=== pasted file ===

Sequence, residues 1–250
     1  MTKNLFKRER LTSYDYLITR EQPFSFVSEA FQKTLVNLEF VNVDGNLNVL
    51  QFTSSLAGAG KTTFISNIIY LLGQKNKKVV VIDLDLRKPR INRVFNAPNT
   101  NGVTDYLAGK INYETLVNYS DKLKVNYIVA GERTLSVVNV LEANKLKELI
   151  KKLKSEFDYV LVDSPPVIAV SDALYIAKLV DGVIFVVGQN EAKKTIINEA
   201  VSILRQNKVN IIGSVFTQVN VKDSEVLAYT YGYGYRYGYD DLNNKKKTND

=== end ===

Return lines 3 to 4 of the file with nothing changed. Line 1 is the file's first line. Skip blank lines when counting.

    51  QFTSSLAGAG KTTFISNIIY LLGQKNKKVV VIDLDLRKPR INRVFNAPNT
   101  NGVTDYLAGK INYETLVNYS DKLKVNYIVA GERTLSVVNV LEANKLKELI